Certainly, Urbanlip has the upperhand in terms of legal maneuvers but I wonder how much endurance they have to continue going after a determined pro se defendant with very limited legal experience. It has to be a painful experience for Carreon. Lawyers have to exercise extra care in how they treat pro se defendants or there can be blowback if they take unfair advantage. Lawyers have great exposure if they try sneaky stuff.

Carreon has asked for the right of discovery but small businesses are notorious for being disorganized and having scattered records even with the best of intentions. Certainly, Urbanlip will prevail in principle in discovery requests but I have seen up close the operation of many small businesses. It is like making sausage, you never really want to see how sausage is made.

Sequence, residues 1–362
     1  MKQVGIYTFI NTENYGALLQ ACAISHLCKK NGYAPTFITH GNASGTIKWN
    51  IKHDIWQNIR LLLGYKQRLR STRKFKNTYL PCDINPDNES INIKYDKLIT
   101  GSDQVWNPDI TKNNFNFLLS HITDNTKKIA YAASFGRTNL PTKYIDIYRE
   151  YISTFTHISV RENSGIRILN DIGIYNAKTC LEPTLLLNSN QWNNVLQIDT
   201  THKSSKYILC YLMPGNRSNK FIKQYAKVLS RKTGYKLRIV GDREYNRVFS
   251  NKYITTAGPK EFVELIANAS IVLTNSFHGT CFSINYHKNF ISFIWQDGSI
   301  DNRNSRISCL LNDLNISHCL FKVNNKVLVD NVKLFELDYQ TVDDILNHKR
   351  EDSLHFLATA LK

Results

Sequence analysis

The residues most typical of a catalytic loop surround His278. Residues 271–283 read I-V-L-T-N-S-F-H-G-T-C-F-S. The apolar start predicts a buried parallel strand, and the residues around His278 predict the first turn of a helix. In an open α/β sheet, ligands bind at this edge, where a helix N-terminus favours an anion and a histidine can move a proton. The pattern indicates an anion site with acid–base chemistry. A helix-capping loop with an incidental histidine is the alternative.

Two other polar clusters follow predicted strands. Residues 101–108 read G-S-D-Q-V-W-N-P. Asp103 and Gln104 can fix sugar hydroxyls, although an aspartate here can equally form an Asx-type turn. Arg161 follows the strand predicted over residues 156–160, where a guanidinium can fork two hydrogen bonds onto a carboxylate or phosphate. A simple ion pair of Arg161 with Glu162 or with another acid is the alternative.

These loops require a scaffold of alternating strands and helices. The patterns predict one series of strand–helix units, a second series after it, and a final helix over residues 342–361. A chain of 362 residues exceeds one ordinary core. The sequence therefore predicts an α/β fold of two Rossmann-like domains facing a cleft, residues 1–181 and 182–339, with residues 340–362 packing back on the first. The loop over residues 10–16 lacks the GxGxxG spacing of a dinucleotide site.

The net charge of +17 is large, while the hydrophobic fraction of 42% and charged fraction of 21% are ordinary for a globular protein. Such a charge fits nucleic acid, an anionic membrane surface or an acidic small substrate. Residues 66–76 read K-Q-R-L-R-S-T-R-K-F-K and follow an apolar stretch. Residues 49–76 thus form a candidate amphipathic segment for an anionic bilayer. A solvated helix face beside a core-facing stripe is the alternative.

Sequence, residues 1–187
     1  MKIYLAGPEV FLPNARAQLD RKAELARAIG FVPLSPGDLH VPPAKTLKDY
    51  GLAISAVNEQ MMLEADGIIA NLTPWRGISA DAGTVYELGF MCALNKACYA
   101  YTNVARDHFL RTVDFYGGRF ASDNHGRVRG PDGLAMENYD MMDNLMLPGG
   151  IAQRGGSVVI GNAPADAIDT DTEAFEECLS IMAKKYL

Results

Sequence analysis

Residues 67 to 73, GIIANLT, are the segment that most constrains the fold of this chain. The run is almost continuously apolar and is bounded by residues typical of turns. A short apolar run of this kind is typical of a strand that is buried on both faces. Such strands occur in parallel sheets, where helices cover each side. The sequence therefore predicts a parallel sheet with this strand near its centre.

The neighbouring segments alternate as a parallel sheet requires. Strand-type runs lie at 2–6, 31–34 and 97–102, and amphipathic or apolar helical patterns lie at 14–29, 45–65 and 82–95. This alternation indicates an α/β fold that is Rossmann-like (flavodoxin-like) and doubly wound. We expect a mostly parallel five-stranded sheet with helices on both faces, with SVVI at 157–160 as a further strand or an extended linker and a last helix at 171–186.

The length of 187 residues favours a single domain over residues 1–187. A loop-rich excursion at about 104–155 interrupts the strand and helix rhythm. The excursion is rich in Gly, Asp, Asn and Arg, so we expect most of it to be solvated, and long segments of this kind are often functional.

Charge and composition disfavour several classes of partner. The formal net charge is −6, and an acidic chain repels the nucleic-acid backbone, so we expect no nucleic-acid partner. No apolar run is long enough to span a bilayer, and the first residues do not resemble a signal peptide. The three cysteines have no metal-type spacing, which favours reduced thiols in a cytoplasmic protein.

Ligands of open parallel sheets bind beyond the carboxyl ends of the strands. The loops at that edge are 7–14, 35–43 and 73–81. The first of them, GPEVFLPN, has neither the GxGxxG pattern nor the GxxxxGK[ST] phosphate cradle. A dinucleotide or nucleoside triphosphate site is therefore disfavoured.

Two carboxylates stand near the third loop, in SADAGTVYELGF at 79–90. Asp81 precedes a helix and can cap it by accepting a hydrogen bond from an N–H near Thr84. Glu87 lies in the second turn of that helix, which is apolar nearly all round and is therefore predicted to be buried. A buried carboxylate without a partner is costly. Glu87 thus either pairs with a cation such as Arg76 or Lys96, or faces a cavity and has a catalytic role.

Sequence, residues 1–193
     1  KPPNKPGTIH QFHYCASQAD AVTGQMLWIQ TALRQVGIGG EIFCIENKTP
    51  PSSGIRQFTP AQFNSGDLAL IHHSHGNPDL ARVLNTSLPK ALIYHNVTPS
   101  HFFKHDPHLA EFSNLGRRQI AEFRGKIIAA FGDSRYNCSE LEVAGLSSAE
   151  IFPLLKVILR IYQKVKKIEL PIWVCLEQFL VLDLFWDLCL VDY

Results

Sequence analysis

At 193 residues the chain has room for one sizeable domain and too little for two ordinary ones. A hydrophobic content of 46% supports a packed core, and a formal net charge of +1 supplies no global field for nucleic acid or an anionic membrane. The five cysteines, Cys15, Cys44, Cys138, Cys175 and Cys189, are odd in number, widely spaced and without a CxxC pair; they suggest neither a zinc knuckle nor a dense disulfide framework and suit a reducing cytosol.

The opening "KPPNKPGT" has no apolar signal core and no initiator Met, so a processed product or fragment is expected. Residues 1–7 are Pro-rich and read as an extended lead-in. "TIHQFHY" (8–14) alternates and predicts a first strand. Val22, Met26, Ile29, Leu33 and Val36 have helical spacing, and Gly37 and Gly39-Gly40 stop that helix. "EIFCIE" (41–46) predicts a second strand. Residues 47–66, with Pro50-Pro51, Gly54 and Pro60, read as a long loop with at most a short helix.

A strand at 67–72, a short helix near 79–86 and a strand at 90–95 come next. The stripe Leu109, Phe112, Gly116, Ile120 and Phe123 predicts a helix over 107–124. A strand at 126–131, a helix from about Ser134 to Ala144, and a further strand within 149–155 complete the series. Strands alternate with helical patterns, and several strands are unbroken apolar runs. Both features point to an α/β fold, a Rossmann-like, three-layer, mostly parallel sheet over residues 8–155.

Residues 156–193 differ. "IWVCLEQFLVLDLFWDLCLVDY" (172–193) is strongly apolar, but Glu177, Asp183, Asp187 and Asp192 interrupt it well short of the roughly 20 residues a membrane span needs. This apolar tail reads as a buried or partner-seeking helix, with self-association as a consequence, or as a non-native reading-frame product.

I wonder how much time and energy Carreon and Urbanlip really want to spend on this messy case. It is clear Yu is not legally experienced and stumbling her way through the process. In my non-lawyer view with very limited information on Levere, the important thing Yu needs to really defend is herself personally. If Yu has worked and operated on behalf of Levere and a paid employee, chances are Levere will be held responsible for the mishaps/sloppiness of its contractors, not Yu personally. If Levere is found to have infringed, then so be it. Get the empty judgment.

I know some people might think the corporation needs to be defended at all costs but in my own life experience, I have and heard of many small investors and small business owners over the years abandon their corporations by not paying the annual fee forcing the state to administratively dissolve a corporation.